With the rise of streetcars—first horse-drawn and later electric—Como’s remaining vacant lots filled with houses, and the area soon became a part of Saint Paul proper. Our 1886 House changed ownership several times over the years. One of the more colorful owners was Rose Ledegar5, who maintained a store on East Seventh Street in St. Paul6, which sold confectionery and cigars. An incident happened on the afternoon of March 17, 1898 involving a peddler named Ole Framstad7 and a dispute over some tobacco. Into the fray bolted Rose’s bulldog, leaving Framstad badly bitten by the savage canine—the city hospital reported lacerations in several places, particularly severe to his calf and thigh—as well as a torn wrist and an eye swollen shut from a pummeling given to him by Rose. Rose, her husband Charles8, and the dog were arrested and locked up, the bulldog kept in a separate cell and kept as evidence. The Saint Paul Globe reports the dog incident occurred after a “dispute over the payment for a piece of tobacco,” but the following September 9, 1900 news article may cause one to imagine an entirely different story:
This was not a solitary nor first incident. At other times Ledegar was accused of conducting a “house of ill fame,” and in 1898 three policemen in citizens’ clothes were sent to the store, where Rose and another woman—Mable Warner—made “improper proposals” to them. Even this had not been Rose and Mabel’s first arrest. The month before, Rose was charged with “keeping a disorderly house” and Mabel for visiting the place.9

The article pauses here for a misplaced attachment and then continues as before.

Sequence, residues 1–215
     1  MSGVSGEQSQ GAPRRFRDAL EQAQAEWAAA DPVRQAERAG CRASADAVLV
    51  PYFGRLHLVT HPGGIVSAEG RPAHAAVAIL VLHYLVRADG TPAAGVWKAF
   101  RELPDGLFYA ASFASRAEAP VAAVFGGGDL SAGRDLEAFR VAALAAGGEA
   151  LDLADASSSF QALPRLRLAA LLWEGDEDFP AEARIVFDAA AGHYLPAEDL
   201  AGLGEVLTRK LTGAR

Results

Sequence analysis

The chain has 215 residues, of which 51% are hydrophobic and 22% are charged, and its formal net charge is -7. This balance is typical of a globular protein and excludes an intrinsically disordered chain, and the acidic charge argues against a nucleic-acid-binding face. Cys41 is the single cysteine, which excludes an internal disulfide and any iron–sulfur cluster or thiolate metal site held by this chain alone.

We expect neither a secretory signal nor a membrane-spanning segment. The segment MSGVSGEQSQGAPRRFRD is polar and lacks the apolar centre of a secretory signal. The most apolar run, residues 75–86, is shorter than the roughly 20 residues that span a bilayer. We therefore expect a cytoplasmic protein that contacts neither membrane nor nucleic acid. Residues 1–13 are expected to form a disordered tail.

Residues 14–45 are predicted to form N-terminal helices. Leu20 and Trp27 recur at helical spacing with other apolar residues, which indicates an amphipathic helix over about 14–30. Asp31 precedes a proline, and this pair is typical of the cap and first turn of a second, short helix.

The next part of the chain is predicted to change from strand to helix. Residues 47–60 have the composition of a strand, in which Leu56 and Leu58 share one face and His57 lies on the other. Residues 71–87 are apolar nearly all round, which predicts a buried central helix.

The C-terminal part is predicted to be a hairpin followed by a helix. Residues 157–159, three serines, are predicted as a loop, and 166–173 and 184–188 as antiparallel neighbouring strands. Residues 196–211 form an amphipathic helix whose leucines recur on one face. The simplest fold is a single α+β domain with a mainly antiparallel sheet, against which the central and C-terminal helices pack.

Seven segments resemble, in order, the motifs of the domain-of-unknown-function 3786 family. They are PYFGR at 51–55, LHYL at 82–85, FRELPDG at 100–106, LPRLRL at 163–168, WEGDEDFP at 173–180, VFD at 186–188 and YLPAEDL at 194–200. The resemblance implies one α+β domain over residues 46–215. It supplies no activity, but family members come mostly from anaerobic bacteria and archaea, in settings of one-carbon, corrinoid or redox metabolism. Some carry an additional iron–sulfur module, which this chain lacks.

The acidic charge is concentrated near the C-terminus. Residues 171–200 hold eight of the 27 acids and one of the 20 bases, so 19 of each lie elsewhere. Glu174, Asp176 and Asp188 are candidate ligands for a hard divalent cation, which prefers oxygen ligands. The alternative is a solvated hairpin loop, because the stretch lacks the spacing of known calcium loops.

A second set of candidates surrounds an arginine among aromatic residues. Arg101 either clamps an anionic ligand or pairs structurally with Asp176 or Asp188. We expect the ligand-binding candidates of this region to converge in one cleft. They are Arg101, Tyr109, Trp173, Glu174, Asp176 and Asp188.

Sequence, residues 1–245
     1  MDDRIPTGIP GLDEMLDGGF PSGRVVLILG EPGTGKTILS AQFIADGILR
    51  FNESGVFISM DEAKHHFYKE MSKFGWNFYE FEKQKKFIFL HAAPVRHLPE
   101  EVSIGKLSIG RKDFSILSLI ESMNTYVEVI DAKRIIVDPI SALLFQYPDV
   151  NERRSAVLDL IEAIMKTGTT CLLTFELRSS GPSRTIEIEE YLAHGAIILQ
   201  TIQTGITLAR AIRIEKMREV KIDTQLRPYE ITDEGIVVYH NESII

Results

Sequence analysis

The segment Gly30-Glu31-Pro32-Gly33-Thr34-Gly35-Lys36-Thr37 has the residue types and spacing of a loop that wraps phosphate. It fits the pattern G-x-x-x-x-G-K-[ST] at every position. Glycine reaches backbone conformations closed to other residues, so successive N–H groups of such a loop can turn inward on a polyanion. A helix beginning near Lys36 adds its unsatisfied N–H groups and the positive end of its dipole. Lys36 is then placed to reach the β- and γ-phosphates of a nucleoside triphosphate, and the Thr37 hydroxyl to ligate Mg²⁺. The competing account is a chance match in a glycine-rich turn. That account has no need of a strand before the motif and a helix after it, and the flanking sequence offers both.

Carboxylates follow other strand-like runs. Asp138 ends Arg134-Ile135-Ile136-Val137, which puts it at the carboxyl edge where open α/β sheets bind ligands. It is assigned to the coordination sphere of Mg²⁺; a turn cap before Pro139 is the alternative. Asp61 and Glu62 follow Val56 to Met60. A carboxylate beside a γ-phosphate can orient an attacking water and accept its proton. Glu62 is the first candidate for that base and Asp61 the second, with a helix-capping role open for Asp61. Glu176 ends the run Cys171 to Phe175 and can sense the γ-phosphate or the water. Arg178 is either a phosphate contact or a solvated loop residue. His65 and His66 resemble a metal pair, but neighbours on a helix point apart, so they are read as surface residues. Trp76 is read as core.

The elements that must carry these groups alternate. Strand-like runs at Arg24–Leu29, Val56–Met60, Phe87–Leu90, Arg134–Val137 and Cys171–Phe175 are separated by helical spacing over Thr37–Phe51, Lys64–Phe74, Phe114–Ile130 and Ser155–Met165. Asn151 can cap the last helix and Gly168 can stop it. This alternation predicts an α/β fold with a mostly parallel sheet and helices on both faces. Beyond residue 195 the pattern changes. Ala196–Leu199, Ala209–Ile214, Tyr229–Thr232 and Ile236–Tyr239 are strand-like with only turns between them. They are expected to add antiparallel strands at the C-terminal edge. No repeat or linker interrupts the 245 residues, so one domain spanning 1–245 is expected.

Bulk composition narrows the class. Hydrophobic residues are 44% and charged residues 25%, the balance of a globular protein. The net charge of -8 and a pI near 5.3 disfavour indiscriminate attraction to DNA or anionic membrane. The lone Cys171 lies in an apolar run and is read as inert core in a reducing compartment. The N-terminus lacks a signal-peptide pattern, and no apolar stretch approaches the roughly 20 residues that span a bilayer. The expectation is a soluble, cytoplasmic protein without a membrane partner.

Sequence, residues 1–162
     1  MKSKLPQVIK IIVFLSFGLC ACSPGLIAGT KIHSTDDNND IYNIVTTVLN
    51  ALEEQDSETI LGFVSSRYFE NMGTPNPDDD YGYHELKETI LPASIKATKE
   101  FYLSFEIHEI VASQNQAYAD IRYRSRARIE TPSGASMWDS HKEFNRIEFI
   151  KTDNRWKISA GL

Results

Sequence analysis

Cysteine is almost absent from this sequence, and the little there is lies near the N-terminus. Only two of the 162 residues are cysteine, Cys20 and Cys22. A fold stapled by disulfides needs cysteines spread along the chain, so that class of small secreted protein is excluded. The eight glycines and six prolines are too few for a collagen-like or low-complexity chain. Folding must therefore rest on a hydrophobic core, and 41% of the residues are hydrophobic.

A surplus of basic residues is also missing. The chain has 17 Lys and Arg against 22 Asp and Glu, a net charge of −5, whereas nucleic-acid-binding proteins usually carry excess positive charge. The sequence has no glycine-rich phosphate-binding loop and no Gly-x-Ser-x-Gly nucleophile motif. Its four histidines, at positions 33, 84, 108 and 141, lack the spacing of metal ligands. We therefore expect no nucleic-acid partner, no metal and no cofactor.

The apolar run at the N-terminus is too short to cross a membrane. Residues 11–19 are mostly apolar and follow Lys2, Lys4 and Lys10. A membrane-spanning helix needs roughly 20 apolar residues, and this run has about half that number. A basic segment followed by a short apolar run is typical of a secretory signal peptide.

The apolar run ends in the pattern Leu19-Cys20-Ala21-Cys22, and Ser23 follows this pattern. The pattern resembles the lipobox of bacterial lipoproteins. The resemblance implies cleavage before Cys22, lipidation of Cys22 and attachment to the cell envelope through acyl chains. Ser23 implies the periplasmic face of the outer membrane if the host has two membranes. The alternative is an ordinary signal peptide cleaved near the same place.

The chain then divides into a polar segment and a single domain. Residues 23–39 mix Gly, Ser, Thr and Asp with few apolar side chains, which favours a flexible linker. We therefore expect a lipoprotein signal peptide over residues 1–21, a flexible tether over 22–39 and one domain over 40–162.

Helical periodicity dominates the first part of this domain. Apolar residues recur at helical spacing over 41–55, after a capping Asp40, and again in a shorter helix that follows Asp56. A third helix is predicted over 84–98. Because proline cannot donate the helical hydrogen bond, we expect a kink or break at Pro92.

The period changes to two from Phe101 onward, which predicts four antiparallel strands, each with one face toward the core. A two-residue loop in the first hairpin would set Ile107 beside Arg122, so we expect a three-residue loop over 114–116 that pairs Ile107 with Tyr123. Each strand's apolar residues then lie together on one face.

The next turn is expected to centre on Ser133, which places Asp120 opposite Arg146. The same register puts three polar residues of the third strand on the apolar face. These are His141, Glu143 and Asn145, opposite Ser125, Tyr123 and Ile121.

Immediately prior to our purchasing the home, the 1886 House belonged to a married couple, he a college professor and she an alternative healer. She left for us a piece of her father Warren MacKenzie’s pottery as well as a few boxes of record albums. One notable surprise was Southern Prison Blues: All Titles Recorded at Louisiana State Penitentiary, Angola. Recorded in 1959 at our nation’s largest maximum security prison, the songs are sung with little accompaniment—sometimes just a 12-string guitar—with voices hoarse and raw. Whenever I play it, the music serves as a reminder of a collective past that isn’t always happy or ideal, but one that is still worthy of our inquisitive and appreciative ears.
1Como was outside the city limits then.
2Roughly the same stretch of land as today’s Como Avenue.
3From information found on Comowoodland.org, as researched by Sharon Shinomiya.
4Unfortunately, not the same Rice that Rice Street and Rice Park are named after.
5Rose Ledegar’s name is found spelled both Ledegar and Ledeger depending on the source.
6Newspaper stories—and they abound—constantly change the address of their store including 352, 351, and 851 E. 7th.
7In various reports on the incident, the man’s name is spelled Farmstad, Farmstat, and Framstad.
8Charles was later acquitted when it was found he wasn’t in the store at the time of the assault.
9The last line of the news story tells us, “The Ledegar woman is a familiar figure on the streets of St. Paul, riding a beautiful bay horse.” In doing research for this essay I found the original building permit for our 1886 House, which includes a permit for a stable (which has since been replaced with a garage).